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Columbia residents prepare to celebrate Chinese New Year

Thursday, February 11, 2010 | 12:01 a.m. CST

COLUMBIA — Beginning midnight Saturday, followers of the lunar calendar will welcome the year of the tiger. Of the 12 animal signs in the lunar calendar, tigers represent drama, intensity and change. According to yearofthetiger.net, tiger years have also symbolized world conflicts and disasters in the past.

Whatever the year holds, Chinese residents are enthusiastically preparing for the most important holiday in Chinese culture.

“We usually celebrate this big holiday at home with our families,” said Siu Panay, an employee at Hong Kong Market. “You see, it’s like our Christmas.” 

The lunar New Year starts two lunar cycles after the winter solstice, which usually falls around Dec. 20. The winter solstice marks the beginning of the Spring Festival, a celebration lasting about 15 days. Most of the celebrating, however, is done the night before the New Year begins.

“I burn fireworks with my brother, have dinner with my family and watch the national TV show,” said Li Zhendao, an MU freshman from China, describing his typical New Year's Eve festivities.

China Central Television broadcasts the New Year Gala every year. More than 800 million people tuned in to watch in 2009, according to CCTV.com.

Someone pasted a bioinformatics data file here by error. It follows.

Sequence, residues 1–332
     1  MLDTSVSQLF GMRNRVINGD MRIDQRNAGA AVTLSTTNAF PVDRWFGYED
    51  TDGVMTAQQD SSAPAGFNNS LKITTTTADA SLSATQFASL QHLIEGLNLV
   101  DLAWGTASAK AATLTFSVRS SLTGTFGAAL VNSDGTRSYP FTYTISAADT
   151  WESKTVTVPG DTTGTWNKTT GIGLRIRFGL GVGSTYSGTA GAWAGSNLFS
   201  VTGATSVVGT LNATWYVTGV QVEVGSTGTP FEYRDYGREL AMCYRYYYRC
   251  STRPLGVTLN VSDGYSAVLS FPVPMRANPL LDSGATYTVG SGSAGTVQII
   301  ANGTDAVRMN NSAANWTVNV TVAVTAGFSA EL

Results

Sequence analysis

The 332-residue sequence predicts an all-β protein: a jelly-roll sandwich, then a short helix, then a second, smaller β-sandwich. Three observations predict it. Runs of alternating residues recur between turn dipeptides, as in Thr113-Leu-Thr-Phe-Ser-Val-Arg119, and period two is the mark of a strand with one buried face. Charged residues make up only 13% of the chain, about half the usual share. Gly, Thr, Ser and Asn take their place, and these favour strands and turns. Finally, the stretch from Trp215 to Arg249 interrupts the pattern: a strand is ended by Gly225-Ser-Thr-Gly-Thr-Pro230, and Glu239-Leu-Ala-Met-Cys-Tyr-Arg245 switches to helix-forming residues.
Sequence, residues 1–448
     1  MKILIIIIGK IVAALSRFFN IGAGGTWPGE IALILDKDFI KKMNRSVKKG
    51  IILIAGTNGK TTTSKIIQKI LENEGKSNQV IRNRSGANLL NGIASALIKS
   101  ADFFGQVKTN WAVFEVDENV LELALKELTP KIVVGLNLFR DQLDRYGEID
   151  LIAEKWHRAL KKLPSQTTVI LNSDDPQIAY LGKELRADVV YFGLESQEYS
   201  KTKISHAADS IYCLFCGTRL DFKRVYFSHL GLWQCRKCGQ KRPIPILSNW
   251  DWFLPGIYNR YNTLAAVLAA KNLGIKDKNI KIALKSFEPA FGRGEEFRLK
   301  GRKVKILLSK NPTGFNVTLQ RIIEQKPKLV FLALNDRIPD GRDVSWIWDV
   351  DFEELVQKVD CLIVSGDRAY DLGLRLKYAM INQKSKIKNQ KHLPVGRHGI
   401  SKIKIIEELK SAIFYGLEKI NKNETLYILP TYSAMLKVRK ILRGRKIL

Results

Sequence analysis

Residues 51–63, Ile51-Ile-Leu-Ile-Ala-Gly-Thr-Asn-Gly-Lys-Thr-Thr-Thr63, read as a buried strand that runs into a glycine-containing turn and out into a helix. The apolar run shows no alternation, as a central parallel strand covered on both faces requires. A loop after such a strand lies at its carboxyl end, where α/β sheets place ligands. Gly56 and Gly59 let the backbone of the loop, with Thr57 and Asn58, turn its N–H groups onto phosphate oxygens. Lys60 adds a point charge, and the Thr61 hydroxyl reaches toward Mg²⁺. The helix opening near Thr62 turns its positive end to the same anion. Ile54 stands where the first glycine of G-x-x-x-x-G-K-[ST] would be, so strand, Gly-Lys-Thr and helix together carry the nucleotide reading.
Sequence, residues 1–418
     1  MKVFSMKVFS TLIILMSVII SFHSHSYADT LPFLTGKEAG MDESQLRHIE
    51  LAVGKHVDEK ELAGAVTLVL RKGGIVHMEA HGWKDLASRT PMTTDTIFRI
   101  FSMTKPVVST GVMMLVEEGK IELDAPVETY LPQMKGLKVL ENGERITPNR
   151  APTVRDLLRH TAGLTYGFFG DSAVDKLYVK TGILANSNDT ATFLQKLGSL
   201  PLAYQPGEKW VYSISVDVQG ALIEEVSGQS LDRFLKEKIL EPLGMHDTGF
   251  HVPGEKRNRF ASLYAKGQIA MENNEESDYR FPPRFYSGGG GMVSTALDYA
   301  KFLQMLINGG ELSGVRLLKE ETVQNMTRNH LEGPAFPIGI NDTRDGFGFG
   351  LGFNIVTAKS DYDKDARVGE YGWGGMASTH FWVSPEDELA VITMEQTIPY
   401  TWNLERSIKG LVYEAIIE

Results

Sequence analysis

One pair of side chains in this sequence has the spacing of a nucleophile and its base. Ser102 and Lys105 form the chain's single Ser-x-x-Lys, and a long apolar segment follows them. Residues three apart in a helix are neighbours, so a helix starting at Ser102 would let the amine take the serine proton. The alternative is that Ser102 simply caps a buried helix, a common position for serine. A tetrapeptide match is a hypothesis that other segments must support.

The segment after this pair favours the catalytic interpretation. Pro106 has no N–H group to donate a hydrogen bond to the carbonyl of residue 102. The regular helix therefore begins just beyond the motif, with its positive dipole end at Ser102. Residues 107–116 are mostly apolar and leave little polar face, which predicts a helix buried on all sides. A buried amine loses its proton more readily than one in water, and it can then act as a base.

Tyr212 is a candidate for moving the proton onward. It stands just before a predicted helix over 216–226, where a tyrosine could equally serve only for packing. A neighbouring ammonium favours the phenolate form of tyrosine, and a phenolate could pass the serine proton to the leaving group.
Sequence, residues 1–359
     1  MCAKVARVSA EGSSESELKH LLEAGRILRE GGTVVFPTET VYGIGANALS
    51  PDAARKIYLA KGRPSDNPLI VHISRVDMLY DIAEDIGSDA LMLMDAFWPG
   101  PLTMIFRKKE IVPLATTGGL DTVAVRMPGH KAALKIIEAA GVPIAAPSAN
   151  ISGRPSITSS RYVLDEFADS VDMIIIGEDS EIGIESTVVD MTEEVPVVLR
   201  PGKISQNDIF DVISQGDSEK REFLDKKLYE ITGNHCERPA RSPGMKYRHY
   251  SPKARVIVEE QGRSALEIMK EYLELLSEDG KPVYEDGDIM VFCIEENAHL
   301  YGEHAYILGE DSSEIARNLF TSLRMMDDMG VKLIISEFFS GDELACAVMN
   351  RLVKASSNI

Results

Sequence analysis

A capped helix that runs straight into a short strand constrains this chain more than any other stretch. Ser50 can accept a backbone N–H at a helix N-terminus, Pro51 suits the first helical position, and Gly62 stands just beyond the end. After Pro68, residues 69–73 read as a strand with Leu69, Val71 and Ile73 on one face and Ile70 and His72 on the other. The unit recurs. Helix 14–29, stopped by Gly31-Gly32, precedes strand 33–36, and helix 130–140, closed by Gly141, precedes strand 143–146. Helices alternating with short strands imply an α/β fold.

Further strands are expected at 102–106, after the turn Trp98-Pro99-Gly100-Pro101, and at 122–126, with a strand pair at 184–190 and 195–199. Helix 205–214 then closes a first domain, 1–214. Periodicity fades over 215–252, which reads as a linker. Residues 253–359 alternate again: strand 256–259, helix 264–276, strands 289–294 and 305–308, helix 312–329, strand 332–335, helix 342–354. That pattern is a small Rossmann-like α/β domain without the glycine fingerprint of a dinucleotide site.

Many other Chinese traditions surround the holiday. Children typically receive money from elders in red envelopes. Red is an important color because it means good luck, fortune, happiness and abundance in Chinese culture.

“Older people give money to younger people celebrating they’ve grown up one more year,” Li said.

Another element of the Chinese New Year is the traditional cuisine. Although dishes vary depending on location, Chinese food plays an important role in the celebration.

Siu said the most popular foods are chicken, mushrooms, pork, dumplings, rice balls and fish.

“There is an old Chinese saying: 'Nian nian you yu,'” said Xiong Qianwen, an MU student from China. “It means, 'Every year you have fish.'”

Xiong said the word “yu” has two meanings: surplus and fish. The Chinese eat fish to welcome in the New Year and to bring good luck, she said.

Li said this year would be the first New Year he has spent away from his family. Many international students are finding other ways to celebrate the holiday away from home.

“I’m not sure what I’ll do this year,” said Li. “Perhaps I will go to (MU's) China Night."

 


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